When you look at the STAR schema, you find that it is simply a relational model with a one-to-many relationship between each dimension table and the fact table. What is so special about the arrangement of the STAR schema? Why is it declared to be eminently suitable for the data warehouse? What are the reasons for its wide use and success in providing optimization for processing queries?
Although the STAR schema is a relational model, it is not a normalized model. The dimension tables are purposely denormalized. This is a basic difference between the STAR schema and relational schemas for OLTP systems.
Before we discuss some very significant advantages of the STAR schema, we need to be aware that strict adherence to this arrangement is not always the best option. For example, if customer is one of the dimensions and if the enterprise has a very large number of customers, a denormalized customer dimension table is not desirable. A large dimension table may increase the size of the fact table correspondingly.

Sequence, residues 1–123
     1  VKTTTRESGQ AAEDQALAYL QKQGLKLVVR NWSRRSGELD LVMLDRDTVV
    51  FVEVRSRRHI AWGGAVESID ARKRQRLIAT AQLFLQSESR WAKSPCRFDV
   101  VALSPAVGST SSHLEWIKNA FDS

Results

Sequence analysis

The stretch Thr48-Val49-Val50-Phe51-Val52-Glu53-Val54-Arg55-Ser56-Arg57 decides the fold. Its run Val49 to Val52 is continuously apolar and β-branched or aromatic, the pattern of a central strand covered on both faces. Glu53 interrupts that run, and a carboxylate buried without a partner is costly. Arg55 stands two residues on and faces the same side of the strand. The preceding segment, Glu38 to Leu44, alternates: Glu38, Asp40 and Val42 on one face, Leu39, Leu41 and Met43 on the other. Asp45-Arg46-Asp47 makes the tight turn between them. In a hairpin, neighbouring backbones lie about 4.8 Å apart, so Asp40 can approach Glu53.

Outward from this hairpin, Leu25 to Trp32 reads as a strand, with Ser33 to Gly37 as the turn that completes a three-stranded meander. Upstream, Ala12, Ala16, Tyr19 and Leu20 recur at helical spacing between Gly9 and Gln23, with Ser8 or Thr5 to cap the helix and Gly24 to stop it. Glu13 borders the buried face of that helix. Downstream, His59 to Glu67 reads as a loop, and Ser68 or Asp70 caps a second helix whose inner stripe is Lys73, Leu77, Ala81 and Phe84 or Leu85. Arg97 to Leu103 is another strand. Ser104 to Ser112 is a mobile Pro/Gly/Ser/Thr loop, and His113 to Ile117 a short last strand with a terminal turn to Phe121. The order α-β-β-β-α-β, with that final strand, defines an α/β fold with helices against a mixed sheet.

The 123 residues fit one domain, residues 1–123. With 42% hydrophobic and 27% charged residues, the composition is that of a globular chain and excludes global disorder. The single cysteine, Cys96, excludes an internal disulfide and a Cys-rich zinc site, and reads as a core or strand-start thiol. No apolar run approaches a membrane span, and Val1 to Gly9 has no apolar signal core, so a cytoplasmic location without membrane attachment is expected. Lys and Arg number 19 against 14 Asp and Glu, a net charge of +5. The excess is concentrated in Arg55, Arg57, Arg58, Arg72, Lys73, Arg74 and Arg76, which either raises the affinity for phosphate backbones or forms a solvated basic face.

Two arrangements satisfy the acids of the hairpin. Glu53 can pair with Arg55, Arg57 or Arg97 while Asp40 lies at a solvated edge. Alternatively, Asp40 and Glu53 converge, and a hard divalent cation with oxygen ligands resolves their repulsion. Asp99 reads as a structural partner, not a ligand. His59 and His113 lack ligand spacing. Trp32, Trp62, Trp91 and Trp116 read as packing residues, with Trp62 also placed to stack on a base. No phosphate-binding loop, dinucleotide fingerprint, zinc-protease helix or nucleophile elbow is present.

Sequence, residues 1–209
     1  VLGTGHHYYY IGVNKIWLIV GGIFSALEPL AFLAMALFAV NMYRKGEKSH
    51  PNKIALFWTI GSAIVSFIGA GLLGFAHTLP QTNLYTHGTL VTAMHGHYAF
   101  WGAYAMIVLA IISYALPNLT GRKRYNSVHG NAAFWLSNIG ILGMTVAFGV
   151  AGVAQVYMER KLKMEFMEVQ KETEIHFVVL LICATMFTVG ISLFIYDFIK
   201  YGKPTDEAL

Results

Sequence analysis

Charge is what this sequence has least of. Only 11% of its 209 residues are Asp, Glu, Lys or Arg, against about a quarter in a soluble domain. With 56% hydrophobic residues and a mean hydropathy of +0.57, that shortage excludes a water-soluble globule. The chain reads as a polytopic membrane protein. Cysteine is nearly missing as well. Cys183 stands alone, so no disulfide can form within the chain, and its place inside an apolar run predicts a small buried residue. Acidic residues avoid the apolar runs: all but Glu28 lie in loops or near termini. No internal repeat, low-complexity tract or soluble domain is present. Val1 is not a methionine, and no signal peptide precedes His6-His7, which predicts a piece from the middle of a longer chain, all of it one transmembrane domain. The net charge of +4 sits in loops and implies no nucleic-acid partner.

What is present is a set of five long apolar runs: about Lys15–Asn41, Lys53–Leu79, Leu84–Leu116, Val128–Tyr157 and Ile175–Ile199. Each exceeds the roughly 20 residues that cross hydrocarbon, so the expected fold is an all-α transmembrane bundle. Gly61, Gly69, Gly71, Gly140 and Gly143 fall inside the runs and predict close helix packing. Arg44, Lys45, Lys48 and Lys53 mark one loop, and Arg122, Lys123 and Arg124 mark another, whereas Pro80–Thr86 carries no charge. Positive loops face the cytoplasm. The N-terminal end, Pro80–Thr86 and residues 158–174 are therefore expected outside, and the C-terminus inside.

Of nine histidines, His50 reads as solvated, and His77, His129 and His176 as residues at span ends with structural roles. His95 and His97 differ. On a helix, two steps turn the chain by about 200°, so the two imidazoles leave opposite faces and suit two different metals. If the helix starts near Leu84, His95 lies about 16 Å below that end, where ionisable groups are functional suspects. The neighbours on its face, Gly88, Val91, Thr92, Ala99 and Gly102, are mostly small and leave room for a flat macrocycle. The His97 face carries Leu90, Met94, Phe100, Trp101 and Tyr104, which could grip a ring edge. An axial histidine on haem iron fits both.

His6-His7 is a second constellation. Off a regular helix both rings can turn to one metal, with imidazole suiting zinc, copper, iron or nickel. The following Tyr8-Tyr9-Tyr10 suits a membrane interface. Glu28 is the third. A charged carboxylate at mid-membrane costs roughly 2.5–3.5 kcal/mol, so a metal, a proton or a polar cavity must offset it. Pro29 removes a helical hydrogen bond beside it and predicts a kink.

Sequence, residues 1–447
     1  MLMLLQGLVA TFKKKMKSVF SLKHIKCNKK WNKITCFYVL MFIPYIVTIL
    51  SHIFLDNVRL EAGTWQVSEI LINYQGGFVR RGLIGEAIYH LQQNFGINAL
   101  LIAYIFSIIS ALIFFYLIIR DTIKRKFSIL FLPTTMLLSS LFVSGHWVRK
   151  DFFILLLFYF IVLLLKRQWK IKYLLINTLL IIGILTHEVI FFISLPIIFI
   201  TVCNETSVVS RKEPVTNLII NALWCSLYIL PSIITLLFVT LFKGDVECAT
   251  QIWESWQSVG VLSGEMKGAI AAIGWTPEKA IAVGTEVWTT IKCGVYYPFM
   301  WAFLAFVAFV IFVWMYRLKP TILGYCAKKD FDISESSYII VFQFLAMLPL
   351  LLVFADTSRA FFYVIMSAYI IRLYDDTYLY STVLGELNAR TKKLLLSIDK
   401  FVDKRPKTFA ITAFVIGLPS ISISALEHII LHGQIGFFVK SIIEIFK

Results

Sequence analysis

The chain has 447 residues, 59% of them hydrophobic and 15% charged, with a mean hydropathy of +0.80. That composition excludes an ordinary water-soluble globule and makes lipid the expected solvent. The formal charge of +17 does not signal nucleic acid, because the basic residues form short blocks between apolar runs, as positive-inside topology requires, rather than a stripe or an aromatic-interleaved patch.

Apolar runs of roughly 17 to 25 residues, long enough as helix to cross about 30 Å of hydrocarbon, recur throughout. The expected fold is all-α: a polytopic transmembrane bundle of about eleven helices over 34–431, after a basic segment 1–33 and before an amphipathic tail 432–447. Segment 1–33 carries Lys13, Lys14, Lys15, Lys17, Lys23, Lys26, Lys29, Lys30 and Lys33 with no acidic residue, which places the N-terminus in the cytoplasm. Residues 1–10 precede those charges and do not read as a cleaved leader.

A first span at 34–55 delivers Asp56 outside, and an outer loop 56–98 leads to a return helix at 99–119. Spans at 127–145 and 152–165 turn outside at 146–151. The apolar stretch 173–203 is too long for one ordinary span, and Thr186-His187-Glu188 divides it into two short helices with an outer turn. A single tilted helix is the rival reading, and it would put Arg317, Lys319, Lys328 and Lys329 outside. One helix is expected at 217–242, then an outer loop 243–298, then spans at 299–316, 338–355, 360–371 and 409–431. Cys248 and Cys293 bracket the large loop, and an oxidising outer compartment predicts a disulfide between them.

However, the advantages far outweigh any shortcomings. So, let us go over the advantages of the STAR schema.
Users of OLTP systems interact with the applications through predefined GUI screens or preset query templates. There is practically no need for the users to understand the data structures behind the scenes. The data structures and the database schema remain in the realm of IT professionals.